Excerpt of Airlift to America by Tom Shachtman
(Page 2 of 6)
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This is a huge moment. Its one of those times when a
movement that seemed ethereal and idealistic became a reality
and took on political substance... Obama is changing the
tone of American liberalism, and maybe American politics,
Obama was being propelled to prominence and potential victory
by a tide of youthful voters who saw in him the promise of a society
whose politics would no longer turn on racial images and stereotypes.
His apparent ease with his unusual background contributed
to that perception. But he was also the embodiment of the hopes of
several generations of Americans, black and white, who had fought
for civil rights. They perceived his candidacy, and the possibility
that he might actually be elected president, as the chance to break a
barrier that they had been trying to cross for fifty years, in pursuit of
social justice and a color- blind society. Obama encapsulated the aspirations
of both groups in his oft- repeated line, We are the ones we
have been waiting for.
The history of Barack Obamas rise is a version of the American
dream story, but not the one that most Americans were used to
hearing. In most previous iterations of the dream saga rags to riches,
anonymity to glory, victim to victor the protagonist was white and
from a Europe an background. Few who achieved the promise of the
dream had been men or women of color, and almost none had a parent
who came from Africa.
As the campaign wore on, the public was intrigued to learn, from
Obamas now-bestselling books and from interviews with him and
capsule bios on television and on the Internet, that his father, Barack
Obama, Sr., had come to the United States in 1959, supposedly with
several dozen other East Africans, mainly from Kenya, in an airlift.
Some reportage called it the Kennedy airlift, for John F. Kennedy;
others the Mboya airlift, for Kenyan politician Tom Mboya; and still
others, the East African airlift. The term airlift was shorthand, a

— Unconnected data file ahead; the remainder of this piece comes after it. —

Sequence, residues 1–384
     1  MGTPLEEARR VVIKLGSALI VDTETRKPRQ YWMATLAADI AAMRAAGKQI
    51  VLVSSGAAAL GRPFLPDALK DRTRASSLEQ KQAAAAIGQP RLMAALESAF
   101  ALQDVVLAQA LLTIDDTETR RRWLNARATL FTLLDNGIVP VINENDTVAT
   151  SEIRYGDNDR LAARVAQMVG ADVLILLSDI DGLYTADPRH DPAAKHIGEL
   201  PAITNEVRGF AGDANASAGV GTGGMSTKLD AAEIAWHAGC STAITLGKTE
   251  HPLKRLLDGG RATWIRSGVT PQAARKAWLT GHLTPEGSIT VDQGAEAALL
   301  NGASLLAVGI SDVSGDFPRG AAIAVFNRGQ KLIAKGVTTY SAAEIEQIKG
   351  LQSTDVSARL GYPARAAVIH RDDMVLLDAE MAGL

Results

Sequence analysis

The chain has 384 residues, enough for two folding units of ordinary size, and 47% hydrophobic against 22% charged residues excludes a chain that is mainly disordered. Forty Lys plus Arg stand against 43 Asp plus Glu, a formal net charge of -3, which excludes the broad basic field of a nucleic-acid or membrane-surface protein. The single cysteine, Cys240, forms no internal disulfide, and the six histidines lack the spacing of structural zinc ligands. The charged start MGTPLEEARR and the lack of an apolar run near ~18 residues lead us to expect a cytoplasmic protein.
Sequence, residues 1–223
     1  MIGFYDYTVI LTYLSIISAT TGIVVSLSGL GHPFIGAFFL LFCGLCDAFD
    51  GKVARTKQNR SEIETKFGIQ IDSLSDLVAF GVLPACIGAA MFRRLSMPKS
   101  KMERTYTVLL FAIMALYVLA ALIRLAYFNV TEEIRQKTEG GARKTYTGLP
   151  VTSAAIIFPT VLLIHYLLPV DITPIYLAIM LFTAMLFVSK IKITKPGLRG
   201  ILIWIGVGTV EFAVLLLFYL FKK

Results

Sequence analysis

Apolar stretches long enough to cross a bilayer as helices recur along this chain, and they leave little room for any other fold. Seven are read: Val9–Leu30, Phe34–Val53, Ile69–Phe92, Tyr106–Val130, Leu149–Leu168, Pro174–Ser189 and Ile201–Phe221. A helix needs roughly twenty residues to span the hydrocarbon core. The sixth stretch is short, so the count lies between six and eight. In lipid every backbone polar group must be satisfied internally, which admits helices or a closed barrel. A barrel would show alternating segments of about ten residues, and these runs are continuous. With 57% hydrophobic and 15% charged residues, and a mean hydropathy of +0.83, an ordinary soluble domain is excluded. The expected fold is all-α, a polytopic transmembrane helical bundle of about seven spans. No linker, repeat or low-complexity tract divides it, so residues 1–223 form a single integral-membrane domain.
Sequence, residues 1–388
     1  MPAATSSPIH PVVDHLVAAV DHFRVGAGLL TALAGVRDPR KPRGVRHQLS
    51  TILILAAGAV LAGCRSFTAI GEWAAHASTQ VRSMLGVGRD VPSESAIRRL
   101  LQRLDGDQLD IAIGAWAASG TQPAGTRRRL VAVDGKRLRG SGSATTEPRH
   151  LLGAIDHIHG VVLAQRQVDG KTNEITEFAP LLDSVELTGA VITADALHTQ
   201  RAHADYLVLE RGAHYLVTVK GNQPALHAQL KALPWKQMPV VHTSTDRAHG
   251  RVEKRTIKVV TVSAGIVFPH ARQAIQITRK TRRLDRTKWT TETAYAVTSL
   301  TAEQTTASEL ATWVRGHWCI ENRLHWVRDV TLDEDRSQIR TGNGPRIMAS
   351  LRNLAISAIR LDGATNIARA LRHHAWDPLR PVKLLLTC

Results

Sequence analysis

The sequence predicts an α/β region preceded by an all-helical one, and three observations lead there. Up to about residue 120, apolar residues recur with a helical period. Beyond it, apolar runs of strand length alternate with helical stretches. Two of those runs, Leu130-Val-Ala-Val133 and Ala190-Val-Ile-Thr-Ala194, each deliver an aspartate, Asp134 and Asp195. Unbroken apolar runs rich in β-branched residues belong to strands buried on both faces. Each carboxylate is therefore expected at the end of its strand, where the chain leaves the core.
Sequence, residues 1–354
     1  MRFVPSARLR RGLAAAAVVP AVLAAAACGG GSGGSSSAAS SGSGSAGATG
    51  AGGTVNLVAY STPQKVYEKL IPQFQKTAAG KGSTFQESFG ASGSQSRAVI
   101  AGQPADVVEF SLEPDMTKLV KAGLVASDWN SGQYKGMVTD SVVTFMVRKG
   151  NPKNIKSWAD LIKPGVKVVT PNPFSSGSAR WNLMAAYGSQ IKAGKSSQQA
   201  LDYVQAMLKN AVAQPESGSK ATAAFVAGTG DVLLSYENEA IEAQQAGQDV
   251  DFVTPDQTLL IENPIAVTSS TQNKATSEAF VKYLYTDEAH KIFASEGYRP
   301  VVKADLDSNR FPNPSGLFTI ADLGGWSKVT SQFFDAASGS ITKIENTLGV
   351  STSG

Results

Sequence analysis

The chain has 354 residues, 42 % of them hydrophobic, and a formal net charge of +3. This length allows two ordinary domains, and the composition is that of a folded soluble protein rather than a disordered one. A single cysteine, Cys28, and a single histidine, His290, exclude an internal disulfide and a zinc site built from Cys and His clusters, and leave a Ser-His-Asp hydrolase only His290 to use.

reference to planes chartered to bring dozens and then hundreds of
East African students to the United States between 1959 and 1963.
As interest in Obama grew, so did curiosity about his Kenyan
roots. Some articles included the information that Obama Sr. had
been a friend of fellow Luo tribesman Mboya, the visionary who
conceived the airlifts and was able to get them airborne through the
efforts of American friends. Others cited the tale that a generation
earlier, Obamas grandfather had been the first person in his tribal area Alego Kogelo, the home of the Olego people, near Lake Victoria in western Kenya to have exchanged his native garb for Western clothes.
The facts bore out much, though not all, of this story. Grandfather
Onyango Obama was a Luo of considerable personal force and
integrity. Born in 1898, he had fought in various parts of Africa in
the Great War, then returned to Kogelo to clear land for a farm
near Lake Victoria; but to earn money for his family he had also
worked as a cook in Nairobi and on safari. An herbalist, he had fought
against the confidence schemes of shamans and witch doctors. When
a first wife was unable to bear children he took a second and later a
third, who did. Despite many obstacles, he learned to read and write
some English, a rare thing among rural Africans then. Initially subjected to suspicion from the other villagers for this, he eventually
earned their respect because he was one of the few who could speak
with the Europeans in their own language. He was the first to adopt
Western ways, such as putting food on plates and eating with utensils.
Converted to Protestantism when young, he later converted
again to the Muslim religion, which accounts for the name that he
gave to his eldest son, born in 1936. He also added Hussein to his own name. Later, Onyango drifted away from the Muslim religion, did not raise his children in that faith, and was not known by the Hussein name. He served again with the British in Burma in World War II, and then returned home. According to his widow, Onyango
was arrested in 1949, imprisoned, and tortured by the British for supposedly
consorting with other former soldiers who were beginning
the revolt that would become known as the Mau Mau uprising.
Never convicted, upon his release he became bitterly anti-British.
Excerpted from Airlift to America
by Tom Shachtman. Copyright © 2009 by Tom Shachtman.
Excerpted by permission of St. Martin's Press. All rights
reserved. No part of this excerpt may be reproduced or reprinted
without permission in writing from the publisher.